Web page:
The first organ was bought in 1864 at a cost of $70.00. Mrs. W. J. Sanders was the first elected organist. Mr. Tom Youmans is recorded as being the first elected Sunday School superintendent.
THE WOMAN'S MISSIONARY SOCIETY
A Missionary Society functioned during the early history of the church but became inactive for a number of years. It was reorganized in 1904 and has been active consistently since then.
THE TWENTIETH CENTURY
During this period of fifty years, the vicissitudes and events could only be chronicled in a book. Today a beautiful town stands near where the old log school house, brush arbor and country store alone could be seen fifty years before. In 1899, a combination of churches consisting of Bethlehem (Fairfax), Harmony, Bethel and Salkehatchie was formed into a pastoral field being served by the same pastor at the same time, with services in most of these churches either twice a month or only once a month.
Rev. R. W. Sanders served the church as pastor in 1900-1901. Born September 12, 1847, son of William Seaborn and Piety Peacock Sanders, he joined Mt. Olivet Church at the age of 13 and was elected Sunday school superintendent there at 18. Ordained by Rev. J. A. Lawton and Rev. William Brooker August 1879. Educated by private teachers, at Furman University and Southern Baptist Theological Seminary which was then located at Greenville. He married Emmie R. Addison of Greenville in 1874 and later served the following churches: Chester, Florence, Blackstock, Greenville, Honea Path, Pendleton, Clemson, Kline, Steel Creek, Bethlehem, Columbia and Charleston. He had the distinction of being elected president of the South Carolina Baptist Convention.
Rev. J. W. Bishop became pastor in 1901 and served until 1904. It was during his ministry that the Woman's Missionary Union was formally organized in 1904.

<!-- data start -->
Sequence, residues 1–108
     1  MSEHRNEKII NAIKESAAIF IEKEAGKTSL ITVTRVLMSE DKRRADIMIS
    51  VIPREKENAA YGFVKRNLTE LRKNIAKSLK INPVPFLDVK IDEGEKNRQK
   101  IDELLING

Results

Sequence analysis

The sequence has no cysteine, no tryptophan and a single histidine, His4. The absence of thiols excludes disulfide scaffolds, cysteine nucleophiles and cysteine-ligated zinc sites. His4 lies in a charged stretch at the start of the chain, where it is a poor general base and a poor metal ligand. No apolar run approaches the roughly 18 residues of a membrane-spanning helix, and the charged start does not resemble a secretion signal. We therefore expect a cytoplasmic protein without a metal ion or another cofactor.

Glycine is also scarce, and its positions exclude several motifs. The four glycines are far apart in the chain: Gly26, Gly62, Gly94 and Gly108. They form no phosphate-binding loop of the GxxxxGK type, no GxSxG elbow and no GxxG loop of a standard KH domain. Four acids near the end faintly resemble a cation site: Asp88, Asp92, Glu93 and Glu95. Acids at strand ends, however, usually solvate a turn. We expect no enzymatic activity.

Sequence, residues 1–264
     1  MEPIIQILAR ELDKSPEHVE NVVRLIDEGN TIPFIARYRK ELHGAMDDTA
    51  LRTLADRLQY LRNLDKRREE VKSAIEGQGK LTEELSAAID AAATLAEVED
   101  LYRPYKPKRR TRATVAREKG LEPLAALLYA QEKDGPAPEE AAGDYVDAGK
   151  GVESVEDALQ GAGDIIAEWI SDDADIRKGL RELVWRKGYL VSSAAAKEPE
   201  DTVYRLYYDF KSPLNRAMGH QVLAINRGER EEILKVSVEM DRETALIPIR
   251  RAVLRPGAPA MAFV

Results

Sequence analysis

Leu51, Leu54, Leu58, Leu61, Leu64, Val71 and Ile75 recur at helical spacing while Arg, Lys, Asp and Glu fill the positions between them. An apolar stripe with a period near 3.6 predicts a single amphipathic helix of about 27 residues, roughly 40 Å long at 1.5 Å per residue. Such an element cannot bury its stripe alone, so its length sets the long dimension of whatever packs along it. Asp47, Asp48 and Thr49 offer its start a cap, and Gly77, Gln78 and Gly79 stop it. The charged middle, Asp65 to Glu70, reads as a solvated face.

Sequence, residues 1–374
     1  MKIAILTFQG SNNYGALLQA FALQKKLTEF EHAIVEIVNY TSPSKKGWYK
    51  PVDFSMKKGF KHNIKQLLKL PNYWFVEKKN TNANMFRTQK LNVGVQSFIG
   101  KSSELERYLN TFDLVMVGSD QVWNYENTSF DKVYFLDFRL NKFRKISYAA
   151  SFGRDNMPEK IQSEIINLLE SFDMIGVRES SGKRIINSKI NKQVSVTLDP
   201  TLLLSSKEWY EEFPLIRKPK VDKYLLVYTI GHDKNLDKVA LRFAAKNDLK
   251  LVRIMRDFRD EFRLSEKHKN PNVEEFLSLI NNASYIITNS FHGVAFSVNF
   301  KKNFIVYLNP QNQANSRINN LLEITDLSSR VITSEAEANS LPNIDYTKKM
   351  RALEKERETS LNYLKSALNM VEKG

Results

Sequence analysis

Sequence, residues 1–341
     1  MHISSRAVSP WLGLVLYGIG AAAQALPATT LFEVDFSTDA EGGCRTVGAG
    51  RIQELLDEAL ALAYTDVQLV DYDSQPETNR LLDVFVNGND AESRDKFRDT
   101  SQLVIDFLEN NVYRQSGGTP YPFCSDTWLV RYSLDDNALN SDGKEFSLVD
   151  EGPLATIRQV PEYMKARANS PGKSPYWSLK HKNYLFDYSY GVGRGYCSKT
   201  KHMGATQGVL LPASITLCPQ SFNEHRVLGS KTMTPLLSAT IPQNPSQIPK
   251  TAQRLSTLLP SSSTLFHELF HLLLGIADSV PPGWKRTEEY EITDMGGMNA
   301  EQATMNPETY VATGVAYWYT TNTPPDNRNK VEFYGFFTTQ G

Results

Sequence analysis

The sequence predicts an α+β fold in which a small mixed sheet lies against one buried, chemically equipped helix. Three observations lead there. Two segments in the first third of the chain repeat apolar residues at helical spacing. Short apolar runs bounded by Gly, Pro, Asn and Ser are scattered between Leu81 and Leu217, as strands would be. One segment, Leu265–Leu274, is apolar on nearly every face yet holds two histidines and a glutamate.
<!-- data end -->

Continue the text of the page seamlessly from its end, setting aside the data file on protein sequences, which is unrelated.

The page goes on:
No records available in this era.
Rev. W.H. Simpson came In 1911 and served until 1915. During his ministry the location of the church was changed from the cemetery area to the present location as the brick church was completed. Serving Ulmers as well as Bethlehem, he led the congregation in 1911 to vote to build a house of worship "in town" and land was secured from Mr. G. D. Sanders. On January 26, 1910, Mr. Sanders conveyed to the church titles to lots 1, 2, & 3 for the sum of $200, and November 9, 1912, titles to lots 4, 5 and 6 were conveyed to the church for the sum of $5.00. This was in consideration of the wishes of his father, W. J. Sanders, and the high regard in which the family held the work of the church and Christ. From this family also came a generous donation to the building fund to greatly expedite the building of a new church to replace the wooden frame building which had served for 60 years.
During Rev. Simpson's ministry, the fine brick church was constructed at a cost of $8,000. Mr. J. J. Knopf, Sr., was the contractor and Mr. G. D. Sanders was chairman of the building committee. Now treasured in the church records is a paid-up receipt which reads as follows: